As families prepare to send their little ones back to school, they’re heading to malls, big box stores, and other retailers to fill their backpacks and closets. While many companies offer deals and programs targeting back-to-school season — we’re looking at you Target — many states are also offering their own deals in the way of sales tax-free weekends.
Although these holidays have been popular with shoppers, they haven’t exactly proven to be an economic stimulus.
In fact, The Pew Charitable Trusts reports that some states’ sales tax holidays have lost their luster.
The holidays — which apply only to certain items like clothing, school supplies, or tools — tend to cause an increase in shopping, but because these shopping sprees don’t include sales tax, states aren’t benefiting.
The Institute on Taxation and Economic Policy estimated that states lost $300 million due to sales tax holidays in 2016.
In Georgia, where the state recently scrapped its tax-free holiday, Georgia State University researchers estimate the state lost $24 million in taxes last year.
Despite the often meager savings for shoppers, many retailers have continued to advocate for the tax-free holidays, arguing that the weekends help level the playing between bricks-and-mortar retailers and those doing business online, which are often tax exempt, Pew reports.
Although more states have ditched the sales tax holidays, there are still plenty offering the deals.
Here are the 16 states with tax-free holidays:
|Alabama||Feb. 24 to Feb. 26;
July 21 to July 23
|February: Hurricane preparedness generators and supplies.
July: Clothing, computers, school supplies, and books
|Arkansas||Aug. 5 to Aug. 6||Clothing and School Supplies|
|Connecticut||Aug. 20 to Aug. 26||Clothing and footwear|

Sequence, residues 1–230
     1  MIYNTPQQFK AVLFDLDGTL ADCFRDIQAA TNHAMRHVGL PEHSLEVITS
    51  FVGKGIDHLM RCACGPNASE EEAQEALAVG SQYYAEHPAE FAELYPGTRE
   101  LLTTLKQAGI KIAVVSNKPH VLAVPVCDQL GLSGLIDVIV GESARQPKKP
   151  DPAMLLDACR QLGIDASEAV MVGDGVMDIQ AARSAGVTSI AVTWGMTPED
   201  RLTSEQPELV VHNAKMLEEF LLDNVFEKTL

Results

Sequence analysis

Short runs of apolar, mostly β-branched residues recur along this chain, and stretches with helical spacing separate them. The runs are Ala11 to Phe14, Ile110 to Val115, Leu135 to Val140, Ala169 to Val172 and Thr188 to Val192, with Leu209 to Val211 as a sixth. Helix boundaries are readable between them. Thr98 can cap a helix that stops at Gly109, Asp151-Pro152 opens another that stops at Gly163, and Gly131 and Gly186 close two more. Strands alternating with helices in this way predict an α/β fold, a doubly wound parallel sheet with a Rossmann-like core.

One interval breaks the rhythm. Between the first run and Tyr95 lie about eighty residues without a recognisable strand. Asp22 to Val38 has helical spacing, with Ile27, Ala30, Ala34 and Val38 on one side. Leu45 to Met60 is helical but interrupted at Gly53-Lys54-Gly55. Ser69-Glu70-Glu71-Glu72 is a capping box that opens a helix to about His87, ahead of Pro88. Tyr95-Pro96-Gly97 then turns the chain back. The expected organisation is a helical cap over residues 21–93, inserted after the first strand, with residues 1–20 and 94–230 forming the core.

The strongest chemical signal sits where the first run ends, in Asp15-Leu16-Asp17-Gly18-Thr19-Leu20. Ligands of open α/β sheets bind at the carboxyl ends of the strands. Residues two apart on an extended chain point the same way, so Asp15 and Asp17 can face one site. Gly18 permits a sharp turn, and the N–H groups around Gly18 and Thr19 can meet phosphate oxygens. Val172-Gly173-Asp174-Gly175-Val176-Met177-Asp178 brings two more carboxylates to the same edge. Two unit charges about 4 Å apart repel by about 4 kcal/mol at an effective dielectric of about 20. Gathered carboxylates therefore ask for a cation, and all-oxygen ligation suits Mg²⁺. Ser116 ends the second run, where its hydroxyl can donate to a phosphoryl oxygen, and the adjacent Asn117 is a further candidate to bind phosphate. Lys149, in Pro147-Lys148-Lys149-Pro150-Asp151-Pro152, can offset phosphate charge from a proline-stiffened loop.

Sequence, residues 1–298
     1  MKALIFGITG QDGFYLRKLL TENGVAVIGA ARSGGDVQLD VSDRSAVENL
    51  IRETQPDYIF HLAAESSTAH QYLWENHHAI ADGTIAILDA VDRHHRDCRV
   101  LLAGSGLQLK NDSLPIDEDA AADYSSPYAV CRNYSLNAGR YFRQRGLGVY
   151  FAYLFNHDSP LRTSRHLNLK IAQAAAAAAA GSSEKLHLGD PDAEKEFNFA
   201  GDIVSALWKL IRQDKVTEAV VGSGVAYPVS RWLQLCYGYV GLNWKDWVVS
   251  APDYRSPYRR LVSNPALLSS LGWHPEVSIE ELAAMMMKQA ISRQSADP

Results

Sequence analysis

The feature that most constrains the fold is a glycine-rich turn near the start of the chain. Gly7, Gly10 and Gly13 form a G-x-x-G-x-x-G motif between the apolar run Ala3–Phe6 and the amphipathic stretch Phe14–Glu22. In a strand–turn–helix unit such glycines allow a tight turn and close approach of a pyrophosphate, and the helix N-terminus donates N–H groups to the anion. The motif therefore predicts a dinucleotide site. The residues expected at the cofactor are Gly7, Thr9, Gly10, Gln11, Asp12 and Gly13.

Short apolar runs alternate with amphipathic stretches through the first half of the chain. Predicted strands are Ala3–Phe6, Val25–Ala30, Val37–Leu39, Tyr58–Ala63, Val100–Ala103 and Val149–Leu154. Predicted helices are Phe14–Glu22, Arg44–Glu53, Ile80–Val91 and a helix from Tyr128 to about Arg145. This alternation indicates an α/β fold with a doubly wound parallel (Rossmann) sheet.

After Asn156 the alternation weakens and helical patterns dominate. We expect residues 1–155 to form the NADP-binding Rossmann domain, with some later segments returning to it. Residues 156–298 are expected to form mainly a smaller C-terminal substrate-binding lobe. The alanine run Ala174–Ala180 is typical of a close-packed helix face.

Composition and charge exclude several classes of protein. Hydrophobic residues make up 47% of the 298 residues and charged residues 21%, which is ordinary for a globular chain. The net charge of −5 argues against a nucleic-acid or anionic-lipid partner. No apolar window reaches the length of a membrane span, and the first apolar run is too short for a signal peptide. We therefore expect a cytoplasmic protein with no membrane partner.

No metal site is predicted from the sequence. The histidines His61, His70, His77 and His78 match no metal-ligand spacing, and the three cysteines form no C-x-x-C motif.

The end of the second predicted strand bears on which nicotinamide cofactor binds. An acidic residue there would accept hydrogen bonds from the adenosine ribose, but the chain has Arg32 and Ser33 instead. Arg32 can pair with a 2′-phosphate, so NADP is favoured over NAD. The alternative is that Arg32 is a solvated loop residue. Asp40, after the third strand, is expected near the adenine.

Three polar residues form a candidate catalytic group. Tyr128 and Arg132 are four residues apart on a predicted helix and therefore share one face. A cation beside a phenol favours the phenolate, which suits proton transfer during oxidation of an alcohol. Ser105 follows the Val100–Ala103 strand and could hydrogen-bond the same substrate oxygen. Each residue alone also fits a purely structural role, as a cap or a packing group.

|Florida||June 2 to June 4;
Aug. 4 to Aug. 6
|June: Disaster preparedness generators, batteries, fuel containers, and flashlights.
August: Clothing, supplies, and computers.
|Iowa||Aug. 4 to Aug. 5||Clothing|
|Louisiana||May 27 to May 28;
Aug. 4 to Aug. 5
|May: Hurricane preparedness supplies.
August: Tangible personal property
|Maryland||Feb. 18 to Feb. 20;
Aug. .13 to Aug. 19
|February: Energy star products.
August: Clothing and footwear
|Mississippi||July 28 to July 29||Clothing and footwear|
|Missouri||April 19 to April 25;
Aug. 4 to Aug. 6
|April: Energy star products.
August: Clothing, computers, and school supplies.
|New Mexico||Aug. 4 to Aug. 6||Clothing, computers, computer equipment, and school supplies|
|Ohio||Aug. 4 to Aug. 6||Clothing and school supplies|
|Oklahoma||Aug. 4 to Aug. 6||Clothing|
|South Carolina||Aug. 4 to Aug. 6||Clothing, school supplies, computers, and other|
|Tennessee||July 28 to July 30||Clothing, school supplies and computers|
|Texas||April 22 to April 24;
May 27 to May 29;
Aug. 11 to Aug. 13
|April: Generators, storm devices, preparedness items;
May: Energy star products and air conditioners;
August: Clothing, backpacks, and school supplies
|Virginia||Aug. 4 to Aug. 6||Clothing, school supplies, energy star products, hurricane preparedness items, and generators|
Data from Federation of Tax Administrators